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Most intriguing game-theoretic comment of the year thus far

Friday, September 20th, 2013

[ by Charles Cameron — at the intersection of zero-sum and non-zero sum games ]
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And the hands-down winner is — opening today’s Washington Post to the op-ed page — President Hassan Rouhani of Iran, who says:

The world has changed. International politics is no longer a zero-sum game but a multi-dimensional arena where cooperation and competition often occur simultaneously. Gone is the age of blood feuds. World leaders are expected to lead in turning threats into opportunities.

I think he’s right, though I’ll leave the question of whether he means it TBD — but if he does, that’s a.. that’s a.. that’s a Major Game Changer — and verra interesting in any case:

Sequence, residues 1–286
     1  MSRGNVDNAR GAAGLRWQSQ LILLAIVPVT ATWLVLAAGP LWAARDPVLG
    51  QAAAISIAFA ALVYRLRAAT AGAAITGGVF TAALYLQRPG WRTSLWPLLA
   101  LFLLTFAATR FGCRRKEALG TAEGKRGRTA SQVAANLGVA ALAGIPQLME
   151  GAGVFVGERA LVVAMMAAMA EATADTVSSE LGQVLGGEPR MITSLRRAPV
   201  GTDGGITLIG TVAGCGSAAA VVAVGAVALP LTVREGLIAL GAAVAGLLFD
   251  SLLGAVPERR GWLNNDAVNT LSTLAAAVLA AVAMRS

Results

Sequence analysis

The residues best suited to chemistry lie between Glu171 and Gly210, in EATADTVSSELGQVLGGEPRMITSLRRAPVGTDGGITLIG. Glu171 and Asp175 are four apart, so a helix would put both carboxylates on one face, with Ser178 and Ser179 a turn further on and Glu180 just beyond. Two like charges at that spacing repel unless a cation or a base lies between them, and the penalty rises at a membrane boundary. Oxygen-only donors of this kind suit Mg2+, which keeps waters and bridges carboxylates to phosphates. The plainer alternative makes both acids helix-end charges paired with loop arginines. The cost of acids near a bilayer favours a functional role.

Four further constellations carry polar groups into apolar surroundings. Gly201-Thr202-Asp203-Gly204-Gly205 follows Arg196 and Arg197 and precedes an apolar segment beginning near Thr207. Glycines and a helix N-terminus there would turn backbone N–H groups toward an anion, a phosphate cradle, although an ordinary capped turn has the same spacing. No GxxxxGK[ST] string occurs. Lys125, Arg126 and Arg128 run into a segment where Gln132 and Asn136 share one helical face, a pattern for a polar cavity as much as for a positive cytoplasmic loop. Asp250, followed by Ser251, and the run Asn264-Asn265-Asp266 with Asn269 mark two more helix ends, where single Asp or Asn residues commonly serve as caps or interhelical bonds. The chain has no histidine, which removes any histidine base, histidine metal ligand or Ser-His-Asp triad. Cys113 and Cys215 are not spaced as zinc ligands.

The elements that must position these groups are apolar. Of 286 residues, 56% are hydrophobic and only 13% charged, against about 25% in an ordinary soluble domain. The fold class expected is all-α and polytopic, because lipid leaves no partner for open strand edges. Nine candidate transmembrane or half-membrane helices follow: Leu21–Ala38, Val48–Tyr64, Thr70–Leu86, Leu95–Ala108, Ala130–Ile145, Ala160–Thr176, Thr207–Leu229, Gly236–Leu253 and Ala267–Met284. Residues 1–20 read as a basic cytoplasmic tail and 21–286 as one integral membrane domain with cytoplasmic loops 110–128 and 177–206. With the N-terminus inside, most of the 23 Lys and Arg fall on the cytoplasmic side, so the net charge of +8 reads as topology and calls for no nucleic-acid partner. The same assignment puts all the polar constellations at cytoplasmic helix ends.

• What’s the non-zero-sum strategy when there may be one or more zero-sum players in the game?
  • **

    For your further edification, here’s what a genuine game-changer, in both literal and metaphoric sense of the phrase, looks like:
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    The court is a tennis court, the game in play is revolutionary politics, the event is the Tennis Court Oath, where the members of the National Assembly gathered to swear “not to separate, and to reassemble wherever circumstances require, until the constitution of the kingdom is established” — the drawing is by Jacques-Louis David.

    Should we Laugh or Cry?

    Friday, September 13th, 2013

    [by Mark Safranski a.k.a “zen“]